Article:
Meanwhile, Mr. President,
In Gaza and the West Bank, including East Jerusalem, 11 Palestinians have been killed during the reporting period by the Israeli security forces (ISF) in various incidents, including attacks on Israeli civilians, demonstrations, clashes, and military operations.
On 7 February, an Israeli teenager was murdered in a park outside Jerusalem by a Palestinian perpetrator, who was later arrested by Israeli security forces.
There is no justification for violence and terror.
Meanwhile protests and violent incidents at the Gaza fence continued with seven Palestinians, including three children, killed by Israeli live fire on 8 February. This brings to 40 the number of children killed in the context of Gaza protests since they began in March 2018. Children must not be targeted or put in harm’s way. They must be protected. Lethal force should be used only as a last resort.
During the reporting period, Palestinian militants fired 18 rockets towards Israel. The indiscriminate launching of rockets, mortars and incendiary kites or balloons from Gaza must stop. Hamas must ensure that protests remain peaceful and prevent provocations near the fence, including attempts to breach it.
In the West Bank this past month, Israeli forces killed four Palestinians, including two children.
Demolitions and seizures of Palestinian-owned structures also continued across the occupied West Bank, including East Jerusalem. Thirty-nine structures were demolished or seized by the authorities or by their owners upon receipt of a demolition order, resulting in the displacement of 70 people. Overall, some 200 Palestinian households in East Jerusalem have eviction cases filed against them, mostly by Israeli settler-related organizations, placing some 900 people at risk of displacement.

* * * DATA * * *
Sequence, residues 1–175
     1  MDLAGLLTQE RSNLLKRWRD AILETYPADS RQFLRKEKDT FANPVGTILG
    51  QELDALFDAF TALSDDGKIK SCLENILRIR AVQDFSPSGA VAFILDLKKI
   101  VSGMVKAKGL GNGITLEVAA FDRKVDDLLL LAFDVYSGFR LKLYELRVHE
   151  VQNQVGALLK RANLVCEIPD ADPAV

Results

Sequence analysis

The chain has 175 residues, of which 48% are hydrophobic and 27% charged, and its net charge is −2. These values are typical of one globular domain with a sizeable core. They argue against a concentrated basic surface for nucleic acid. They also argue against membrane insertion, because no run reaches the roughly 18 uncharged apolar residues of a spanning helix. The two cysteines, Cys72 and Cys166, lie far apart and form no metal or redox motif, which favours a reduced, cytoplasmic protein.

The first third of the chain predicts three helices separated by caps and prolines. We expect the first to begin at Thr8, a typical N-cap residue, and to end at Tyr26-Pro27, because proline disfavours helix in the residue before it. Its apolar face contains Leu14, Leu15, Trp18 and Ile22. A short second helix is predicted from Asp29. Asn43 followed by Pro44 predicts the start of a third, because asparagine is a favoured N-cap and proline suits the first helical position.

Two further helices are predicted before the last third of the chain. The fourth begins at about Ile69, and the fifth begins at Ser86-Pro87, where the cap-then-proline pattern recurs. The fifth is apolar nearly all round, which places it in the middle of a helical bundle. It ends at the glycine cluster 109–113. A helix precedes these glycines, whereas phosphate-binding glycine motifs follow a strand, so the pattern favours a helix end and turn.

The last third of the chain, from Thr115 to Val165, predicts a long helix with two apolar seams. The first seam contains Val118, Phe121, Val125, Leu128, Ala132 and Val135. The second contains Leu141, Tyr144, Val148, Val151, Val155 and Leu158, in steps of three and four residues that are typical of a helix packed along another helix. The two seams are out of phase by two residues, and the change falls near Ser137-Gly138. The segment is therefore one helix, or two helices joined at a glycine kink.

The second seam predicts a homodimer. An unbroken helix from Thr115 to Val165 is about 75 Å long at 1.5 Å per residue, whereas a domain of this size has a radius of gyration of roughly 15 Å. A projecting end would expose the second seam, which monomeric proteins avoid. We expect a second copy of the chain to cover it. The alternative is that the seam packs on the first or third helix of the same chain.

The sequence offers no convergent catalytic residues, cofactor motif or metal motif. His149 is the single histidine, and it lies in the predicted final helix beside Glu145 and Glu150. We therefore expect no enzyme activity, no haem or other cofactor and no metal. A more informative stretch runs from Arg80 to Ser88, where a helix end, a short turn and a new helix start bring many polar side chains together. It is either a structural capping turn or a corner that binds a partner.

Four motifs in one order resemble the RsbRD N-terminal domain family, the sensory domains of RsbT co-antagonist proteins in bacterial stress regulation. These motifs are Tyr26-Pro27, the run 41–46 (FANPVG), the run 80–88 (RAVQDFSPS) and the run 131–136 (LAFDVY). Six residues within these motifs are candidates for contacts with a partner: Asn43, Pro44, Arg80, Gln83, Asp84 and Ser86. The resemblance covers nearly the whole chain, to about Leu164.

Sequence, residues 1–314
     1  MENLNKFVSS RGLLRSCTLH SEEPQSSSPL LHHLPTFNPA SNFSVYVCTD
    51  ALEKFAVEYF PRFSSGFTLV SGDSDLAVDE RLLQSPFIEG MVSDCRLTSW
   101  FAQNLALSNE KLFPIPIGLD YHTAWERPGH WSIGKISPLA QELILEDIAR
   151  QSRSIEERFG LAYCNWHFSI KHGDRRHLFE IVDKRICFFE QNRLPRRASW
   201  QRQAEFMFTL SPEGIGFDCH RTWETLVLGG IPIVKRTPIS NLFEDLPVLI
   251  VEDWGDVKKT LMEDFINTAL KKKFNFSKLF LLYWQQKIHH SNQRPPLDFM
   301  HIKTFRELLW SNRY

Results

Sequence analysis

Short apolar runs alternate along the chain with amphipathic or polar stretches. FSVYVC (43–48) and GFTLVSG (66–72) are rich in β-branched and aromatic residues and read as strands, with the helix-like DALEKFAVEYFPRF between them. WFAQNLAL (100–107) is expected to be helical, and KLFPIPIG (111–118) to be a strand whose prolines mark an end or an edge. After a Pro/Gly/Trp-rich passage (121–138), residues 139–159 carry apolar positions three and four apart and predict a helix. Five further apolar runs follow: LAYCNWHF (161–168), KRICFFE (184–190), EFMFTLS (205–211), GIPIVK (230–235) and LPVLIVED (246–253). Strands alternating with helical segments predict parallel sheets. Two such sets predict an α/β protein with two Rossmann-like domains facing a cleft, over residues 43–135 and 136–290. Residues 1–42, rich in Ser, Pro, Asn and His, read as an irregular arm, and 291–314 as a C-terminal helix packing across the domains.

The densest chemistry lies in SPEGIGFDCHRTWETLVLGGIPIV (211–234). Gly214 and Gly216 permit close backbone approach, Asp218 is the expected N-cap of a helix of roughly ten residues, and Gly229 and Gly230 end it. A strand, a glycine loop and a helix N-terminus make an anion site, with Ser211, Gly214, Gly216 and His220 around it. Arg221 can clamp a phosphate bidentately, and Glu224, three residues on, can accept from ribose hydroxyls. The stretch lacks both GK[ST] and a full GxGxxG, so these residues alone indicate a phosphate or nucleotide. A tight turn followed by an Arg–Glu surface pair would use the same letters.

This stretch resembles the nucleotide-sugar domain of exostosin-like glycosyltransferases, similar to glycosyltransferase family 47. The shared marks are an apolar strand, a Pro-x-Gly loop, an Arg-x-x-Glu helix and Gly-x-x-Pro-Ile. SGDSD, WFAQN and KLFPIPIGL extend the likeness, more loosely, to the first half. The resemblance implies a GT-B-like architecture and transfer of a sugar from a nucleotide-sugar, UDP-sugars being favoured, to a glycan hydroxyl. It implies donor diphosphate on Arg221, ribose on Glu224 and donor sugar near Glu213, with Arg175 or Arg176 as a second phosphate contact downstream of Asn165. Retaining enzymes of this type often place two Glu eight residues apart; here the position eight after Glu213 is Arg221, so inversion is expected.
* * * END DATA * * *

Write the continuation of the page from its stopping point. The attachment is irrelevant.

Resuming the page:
The upsurge in settler violence over the past year continues to be a serious concern. During the reporting period, OCHA has recorded 20 incidents in which Israeli settlers injured Palestinians or damaged their property.
On 26 January, armed Israelis entered Al Mughayyir village near Ramallah, where they attacked Palestinian residents; ensuing clashes, also involving the IDF, resulted in the killing of a 38-year-old Palestinian man, and the injury of 15 others.
For years we have described the situation facing the population and focused on the urgency of providing Palestinians confined within Gaza’s boundaries with the means to live a dignified life and to have hope for the future.
Hamas’ continuing control of Gaza, Israel’s severe movement and access restrictions, and the Palestinian Authority’s restrictive measures are pushing the situation to a breaking point. The militant build-up continues as the risk of ever more radical and extremist groups pushing both sides into war, and that risk grows by the day. With the prospects of intra-Palestinian reconciliation dimming, the people of Gaza feel more and more left to their own devices -- with no representation, no relief, and no way out.
On 5 February, the PA paid its employees in Gaza reduced salaries for the month of January and reportedly over 5,000 employees did not receive salaries or other payments due.